WalMart "Hannah Montana Rock Star"
by Annie Carson
Quality Schools International
Chengdu, People's Republic of China
(Hometown: Chandler, AZ)
Located in an “In Touch” magazine filled with celebrities, bikini bodies, and makeup tips, this print ad for Walmart’s Hannah Montana clothes may seem rather out of place. Through carefully constructed images and timing, this seemingly cute and innocent ad targets preteen girls with the intent of linking the girly pink world to a lifestyle of glamour and sex. Along with the latest Hannah Montana T-shirt, Walmart and Disney aim to sell a glamorous lifestyle that can be fulfilled with their products.
Designed to appeal to the fantasies of young girls, the ad’s beanbag, box, poster, and clothes are all Hannah Montana style. Both models in the ad have expressions of joy – the laughing girl jumping up in front of the mirror wears a Hannah Montana shirt and the mom grins widely, eyes squeezed shut, while hugging a purple Hannah Montana shirt to her chest. Subtle but distinct, a Walmart bag lies on the bed. Three logos – “Hannah Montana,” “Disney,” and “Disney Channel” surround Hannah Montana stretched out on the standard blue Walmart strip at the bottom. Opposite is ‘Walmart’ above ‘Save money. Live better.’ The heading caption says “Pick up plenty of great Hannah Montana clothes and gear for amazing prices. And send your daughter to school feeling like a rock star.” Below the picture: “Walmart is your Hannah Montana headquarters. Pick up all the fashion, the gear and the music for fantastic prices, in time for school. Mom, you rock!” The aesthetic purpose of the ad is to interest preteen girls with the flashy, glamorous scene and key phrases such as “rock star,” “amazing prices,” and “you rock.”
The ad incorporates many persuasive techniques to attract young girls, such as association, symbols, celebrity, warm and fuzzy, intensity, and simple solution. By displaying Disney symbols, Walmart gains the repute of association with Disney and the celebrity Hannah Montana. The persuasion technique intensity is used to describe prices as “amazing” and “fantastic.” Warm and fuzzy is used by showing the mom’s happiness for the daughter, which linked with “Mom, you rock!” implies that the two have a good relationship. The ad appears to be written to parents – the text “send your daughter to school feeling like a rock star,” includes the subtext that parents make their kids happy by buying them stuff. The ad is constructed to set a model of materialistic happiness and promote the expectation of parents fulfilling a child’s happiness while providing the simple solution of products.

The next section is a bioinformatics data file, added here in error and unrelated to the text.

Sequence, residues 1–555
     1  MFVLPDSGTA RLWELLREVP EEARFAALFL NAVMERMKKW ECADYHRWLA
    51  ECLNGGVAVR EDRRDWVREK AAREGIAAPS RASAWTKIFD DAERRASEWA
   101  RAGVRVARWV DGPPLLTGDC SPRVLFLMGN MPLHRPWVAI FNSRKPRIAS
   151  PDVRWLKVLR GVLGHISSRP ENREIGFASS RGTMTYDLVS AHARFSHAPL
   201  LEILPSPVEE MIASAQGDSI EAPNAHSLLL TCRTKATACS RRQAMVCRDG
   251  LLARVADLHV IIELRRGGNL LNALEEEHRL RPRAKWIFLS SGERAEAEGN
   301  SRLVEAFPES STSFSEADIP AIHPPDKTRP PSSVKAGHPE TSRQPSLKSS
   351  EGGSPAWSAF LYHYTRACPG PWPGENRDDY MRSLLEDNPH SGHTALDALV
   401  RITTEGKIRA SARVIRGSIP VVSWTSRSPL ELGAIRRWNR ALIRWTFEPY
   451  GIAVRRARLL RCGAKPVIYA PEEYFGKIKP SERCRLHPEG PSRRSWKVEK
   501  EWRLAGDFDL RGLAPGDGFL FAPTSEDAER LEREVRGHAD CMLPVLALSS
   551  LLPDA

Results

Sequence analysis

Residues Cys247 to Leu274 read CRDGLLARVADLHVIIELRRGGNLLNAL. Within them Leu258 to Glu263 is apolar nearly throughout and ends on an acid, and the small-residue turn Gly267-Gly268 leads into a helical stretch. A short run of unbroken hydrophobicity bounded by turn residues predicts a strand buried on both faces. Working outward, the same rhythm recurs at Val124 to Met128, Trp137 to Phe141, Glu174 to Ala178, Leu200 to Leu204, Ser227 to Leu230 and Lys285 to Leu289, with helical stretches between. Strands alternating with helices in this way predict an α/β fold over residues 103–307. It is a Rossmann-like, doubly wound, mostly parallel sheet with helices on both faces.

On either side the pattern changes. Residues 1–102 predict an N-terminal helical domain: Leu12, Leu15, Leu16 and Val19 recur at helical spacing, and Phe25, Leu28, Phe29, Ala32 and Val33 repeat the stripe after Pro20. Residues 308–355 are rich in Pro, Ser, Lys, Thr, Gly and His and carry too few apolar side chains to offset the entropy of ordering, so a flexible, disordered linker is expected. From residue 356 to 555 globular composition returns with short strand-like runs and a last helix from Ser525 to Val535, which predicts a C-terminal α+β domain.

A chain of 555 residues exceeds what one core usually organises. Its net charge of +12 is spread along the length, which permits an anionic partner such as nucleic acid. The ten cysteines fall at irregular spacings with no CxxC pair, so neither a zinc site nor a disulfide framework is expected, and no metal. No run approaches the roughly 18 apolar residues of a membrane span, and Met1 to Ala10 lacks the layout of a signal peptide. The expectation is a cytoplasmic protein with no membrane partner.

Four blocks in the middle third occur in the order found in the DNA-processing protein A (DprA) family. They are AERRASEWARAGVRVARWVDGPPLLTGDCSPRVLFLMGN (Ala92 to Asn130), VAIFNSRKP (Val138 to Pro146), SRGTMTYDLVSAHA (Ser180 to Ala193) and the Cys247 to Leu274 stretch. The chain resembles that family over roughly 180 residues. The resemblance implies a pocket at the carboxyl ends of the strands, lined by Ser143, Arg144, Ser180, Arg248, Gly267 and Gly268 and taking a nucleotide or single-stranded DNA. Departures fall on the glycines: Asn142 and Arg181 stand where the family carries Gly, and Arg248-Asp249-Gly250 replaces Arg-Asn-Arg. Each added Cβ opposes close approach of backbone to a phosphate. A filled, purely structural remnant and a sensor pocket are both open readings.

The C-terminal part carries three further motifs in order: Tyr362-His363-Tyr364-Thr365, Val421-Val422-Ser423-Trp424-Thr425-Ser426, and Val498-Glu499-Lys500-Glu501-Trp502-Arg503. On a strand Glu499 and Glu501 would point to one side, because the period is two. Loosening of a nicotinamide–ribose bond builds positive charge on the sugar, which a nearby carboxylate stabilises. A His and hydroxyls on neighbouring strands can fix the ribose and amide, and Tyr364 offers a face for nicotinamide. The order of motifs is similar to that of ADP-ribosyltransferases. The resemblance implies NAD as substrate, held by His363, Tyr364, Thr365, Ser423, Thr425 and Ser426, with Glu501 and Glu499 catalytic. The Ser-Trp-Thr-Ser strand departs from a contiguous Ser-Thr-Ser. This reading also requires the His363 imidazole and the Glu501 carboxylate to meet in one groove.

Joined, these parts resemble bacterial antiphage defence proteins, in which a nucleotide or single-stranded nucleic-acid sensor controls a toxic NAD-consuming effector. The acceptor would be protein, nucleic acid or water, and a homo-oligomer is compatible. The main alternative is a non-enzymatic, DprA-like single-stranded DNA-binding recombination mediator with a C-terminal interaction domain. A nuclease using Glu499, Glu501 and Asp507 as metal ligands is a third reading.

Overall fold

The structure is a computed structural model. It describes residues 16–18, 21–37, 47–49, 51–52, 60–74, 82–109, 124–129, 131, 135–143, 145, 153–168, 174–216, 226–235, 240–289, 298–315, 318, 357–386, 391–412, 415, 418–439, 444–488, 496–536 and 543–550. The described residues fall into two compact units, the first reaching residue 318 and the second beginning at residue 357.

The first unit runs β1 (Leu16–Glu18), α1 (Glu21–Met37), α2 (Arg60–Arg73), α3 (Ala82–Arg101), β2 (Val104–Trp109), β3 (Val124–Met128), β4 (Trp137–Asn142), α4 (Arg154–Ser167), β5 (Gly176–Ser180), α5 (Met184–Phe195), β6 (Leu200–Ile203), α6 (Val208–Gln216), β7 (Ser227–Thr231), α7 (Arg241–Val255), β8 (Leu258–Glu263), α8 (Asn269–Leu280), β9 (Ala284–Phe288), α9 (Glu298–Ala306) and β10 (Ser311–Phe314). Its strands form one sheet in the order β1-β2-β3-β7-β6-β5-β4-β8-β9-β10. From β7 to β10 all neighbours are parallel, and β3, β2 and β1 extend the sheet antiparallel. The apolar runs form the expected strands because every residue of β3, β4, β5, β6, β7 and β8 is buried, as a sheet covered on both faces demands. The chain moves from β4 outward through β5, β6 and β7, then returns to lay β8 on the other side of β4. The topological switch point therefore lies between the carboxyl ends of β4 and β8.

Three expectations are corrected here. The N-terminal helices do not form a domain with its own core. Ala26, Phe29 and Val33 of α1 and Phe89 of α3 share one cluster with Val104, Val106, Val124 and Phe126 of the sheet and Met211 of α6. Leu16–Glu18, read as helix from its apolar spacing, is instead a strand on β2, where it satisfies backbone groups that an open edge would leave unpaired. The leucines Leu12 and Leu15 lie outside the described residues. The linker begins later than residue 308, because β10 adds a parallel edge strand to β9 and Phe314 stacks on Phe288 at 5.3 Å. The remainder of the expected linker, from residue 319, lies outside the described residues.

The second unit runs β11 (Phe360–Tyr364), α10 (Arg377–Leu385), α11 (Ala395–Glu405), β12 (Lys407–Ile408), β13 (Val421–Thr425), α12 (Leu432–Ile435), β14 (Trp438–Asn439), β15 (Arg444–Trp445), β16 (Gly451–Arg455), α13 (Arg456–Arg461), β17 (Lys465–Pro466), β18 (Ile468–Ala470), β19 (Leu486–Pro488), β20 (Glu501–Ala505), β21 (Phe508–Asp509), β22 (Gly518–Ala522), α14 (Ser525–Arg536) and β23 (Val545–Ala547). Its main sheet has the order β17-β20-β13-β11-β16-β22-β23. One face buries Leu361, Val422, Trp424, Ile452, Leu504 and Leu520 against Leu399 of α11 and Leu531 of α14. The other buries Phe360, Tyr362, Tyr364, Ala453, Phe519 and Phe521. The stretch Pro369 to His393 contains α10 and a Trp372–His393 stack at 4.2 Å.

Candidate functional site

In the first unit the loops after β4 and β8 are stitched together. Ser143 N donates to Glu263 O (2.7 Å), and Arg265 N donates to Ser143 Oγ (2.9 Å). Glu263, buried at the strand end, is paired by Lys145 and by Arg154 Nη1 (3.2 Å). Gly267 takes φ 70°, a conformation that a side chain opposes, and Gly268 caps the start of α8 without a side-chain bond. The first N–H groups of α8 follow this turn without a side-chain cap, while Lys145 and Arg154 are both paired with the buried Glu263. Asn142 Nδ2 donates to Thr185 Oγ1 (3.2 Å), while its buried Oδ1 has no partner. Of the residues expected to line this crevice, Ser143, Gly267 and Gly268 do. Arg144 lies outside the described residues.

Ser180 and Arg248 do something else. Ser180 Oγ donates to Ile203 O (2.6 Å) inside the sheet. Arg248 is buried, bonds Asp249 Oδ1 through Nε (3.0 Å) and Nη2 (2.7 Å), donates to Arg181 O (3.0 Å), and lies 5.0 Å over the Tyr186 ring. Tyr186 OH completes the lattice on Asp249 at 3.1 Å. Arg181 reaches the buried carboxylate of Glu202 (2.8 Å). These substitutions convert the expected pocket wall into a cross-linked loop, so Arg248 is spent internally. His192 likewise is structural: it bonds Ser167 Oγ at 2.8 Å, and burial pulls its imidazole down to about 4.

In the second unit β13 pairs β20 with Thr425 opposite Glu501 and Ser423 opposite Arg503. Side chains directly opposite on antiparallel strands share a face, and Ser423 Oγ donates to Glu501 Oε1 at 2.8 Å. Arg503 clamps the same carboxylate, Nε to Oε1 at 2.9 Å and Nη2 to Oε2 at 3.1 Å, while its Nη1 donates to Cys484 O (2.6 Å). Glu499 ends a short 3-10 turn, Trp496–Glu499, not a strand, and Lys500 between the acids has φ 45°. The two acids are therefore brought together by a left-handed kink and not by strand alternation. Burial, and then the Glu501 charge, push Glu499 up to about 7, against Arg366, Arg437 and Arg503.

Along with values about child-parent relationship and happiness, the portal Walmart uses to target pre-teen girls is unethical. Walmart advertises their Disney products in an edition of “In Touch Weekly” that flaunts “The 69 Sexiest Bodies on the Beach,” the persuasive allure of beautiful people, on the front cover. The advertisement is nestled among pages composed of testimonials by celebrities and models selling fashion, perfection, glamour, shallow relationships, and sex - all tied to a product. Through the ad, young girls will recognize their place in the magazine while passively absorbing the values. The implication of the ad’s timing is that young 'rock star' girls who love Hannah Montana and Disney should grow up into glamorous teenagers with great bikini bodies.
As media constructs our reality, what Walmart and Disney are selling to young girls through this advertisement and its context is a desire for a lifestyle that pursues glamour, perfection, and sex – a lifestyle that these corporations can fulfill with products. This ad is detrimental to preteen girls and young women as it imposes a specific model of materialistic happiness that can only be satisfied by products.